Install Kubermatic Kubernetes Platform(KKP) CE

This chapter explains the installation procedure of Kubermatic Kubernetes Platform (KKP) into a pre-existing Kubernetes cluster.


  • User/Customer cluster – A Kubernetes cluster created and managed by KKP
  • Seed cluster – A Kubernetes cluster which is responsible for hosting the master components of a customer cluster
  • Master cluster – A Kubernetes cluster which is responsible for storing the information about users, projects and SSH keys. It hosts the KKP components and might also act as a seed cluster.
  • Seed datacenter – A definition/reference to a seed cluster
  • Node datacenter – A definition/reference of a datacenter/region/zone at a cloud provider (aws=zone, digitalocean=region, openstack=zone)


Before installing, make sure your Kubernetes cluster meets the minimal requirements and make yourself familiar with the requirements for your chosen cloud provider.

For this guide you will have to have kubectl and Helm (version 2) installed locally.


To begin the installation, make sure you have a kubeconfig at hand, with a user context that grants cluster-admin permissions.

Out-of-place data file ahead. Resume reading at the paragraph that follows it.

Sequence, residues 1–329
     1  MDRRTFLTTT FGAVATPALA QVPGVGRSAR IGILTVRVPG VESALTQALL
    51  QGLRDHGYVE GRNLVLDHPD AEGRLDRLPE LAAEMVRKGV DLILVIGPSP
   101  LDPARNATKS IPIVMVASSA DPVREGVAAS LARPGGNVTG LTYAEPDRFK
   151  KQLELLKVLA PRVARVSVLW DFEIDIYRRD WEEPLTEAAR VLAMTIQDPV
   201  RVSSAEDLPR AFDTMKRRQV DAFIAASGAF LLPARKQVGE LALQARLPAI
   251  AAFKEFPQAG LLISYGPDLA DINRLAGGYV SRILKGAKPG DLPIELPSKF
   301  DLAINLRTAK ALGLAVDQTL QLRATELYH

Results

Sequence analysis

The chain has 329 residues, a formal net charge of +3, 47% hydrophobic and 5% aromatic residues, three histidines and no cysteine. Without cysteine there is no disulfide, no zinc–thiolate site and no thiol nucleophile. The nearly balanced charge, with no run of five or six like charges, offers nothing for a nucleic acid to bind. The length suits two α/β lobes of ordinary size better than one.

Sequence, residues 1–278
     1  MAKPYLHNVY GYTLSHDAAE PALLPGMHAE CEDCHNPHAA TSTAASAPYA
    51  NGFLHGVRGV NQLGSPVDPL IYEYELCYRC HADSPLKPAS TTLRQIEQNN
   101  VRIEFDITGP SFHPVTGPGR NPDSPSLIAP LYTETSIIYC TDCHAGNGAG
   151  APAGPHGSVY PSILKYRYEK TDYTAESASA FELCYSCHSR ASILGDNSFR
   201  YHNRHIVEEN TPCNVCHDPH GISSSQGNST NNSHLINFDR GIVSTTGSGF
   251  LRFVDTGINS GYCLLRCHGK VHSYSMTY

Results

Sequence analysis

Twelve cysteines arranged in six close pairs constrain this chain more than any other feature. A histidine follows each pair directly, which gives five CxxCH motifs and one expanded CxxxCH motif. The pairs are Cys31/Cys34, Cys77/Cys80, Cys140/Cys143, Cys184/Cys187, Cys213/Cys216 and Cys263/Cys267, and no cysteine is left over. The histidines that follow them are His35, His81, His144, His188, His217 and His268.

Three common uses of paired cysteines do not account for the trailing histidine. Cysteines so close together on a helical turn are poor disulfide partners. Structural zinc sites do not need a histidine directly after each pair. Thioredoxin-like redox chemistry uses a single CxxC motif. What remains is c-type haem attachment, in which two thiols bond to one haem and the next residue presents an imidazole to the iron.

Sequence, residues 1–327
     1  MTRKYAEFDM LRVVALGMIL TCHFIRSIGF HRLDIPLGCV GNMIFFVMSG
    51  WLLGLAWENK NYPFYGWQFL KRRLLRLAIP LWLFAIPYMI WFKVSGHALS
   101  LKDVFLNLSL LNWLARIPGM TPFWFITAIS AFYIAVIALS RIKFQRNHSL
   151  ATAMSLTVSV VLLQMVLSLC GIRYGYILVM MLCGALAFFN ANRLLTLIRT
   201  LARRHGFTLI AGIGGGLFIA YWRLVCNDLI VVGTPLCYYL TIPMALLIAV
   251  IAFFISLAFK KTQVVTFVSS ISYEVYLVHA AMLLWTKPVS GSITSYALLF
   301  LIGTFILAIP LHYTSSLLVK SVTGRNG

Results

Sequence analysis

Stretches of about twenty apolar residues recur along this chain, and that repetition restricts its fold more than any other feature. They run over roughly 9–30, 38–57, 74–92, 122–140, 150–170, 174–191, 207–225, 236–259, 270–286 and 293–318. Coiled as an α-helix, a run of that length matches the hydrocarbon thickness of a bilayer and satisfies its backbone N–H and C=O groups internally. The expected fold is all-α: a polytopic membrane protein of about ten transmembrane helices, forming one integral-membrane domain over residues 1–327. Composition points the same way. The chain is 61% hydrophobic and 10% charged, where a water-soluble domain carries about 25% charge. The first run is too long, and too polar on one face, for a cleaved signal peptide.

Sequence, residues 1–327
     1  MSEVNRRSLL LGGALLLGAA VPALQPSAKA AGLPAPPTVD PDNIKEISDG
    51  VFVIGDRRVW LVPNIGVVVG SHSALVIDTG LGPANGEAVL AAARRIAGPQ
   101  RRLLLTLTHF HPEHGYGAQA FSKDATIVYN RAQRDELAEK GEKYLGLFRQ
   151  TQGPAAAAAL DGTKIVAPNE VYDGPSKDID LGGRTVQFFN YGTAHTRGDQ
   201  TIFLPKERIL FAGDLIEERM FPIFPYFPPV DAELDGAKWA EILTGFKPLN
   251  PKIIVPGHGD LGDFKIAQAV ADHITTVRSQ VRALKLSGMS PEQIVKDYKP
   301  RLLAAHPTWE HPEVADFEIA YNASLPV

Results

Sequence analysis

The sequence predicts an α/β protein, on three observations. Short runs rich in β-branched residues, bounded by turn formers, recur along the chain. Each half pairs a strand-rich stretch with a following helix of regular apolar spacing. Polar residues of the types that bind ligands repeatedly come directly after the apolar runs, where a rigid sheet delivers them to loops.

Download the Installer

Download the tarball (e.g. kubermatic-X.Y.tar.gz) containing the Helm charts choosing the appropriate release (vX.Y) and extract it. e.g.

# For latest version:
VERSION=$(curl -w '%{url_effective}' -I -L -s -S -o /dev/null | sed -e 's|.*/v||')
# For specific version set it explicitly:
# VERSION=2.14.x
tar -xzvf kubermatic-ce-v${VERSION}.tar.gz

Create a StorageClass

KKP uses a custom storage class for the volumes created for user clusters. This class, kubermatic-fast, needs to be manually created during the installation and its parameters depend highly on the environment where KKP is installed.

It’s highly recommended to use SSD-based volumes, as etcd is very sensitive to slow disk I/O. If your cluster already provides a default SSD-based storage class, you can simply copy and re-create it as kubermatic-fast. For a cluster running on AWS, an example class could look like this:

kind: StorageClass
  name: kubermatic-fast
  type: gp2

Store the above YAML snippet in a file and then apply it using kubectl:

kubectl apply -f aws-storageclass.yaml

Please consult the Kubernetes documentation for more information about the possible parameters for your storage backend.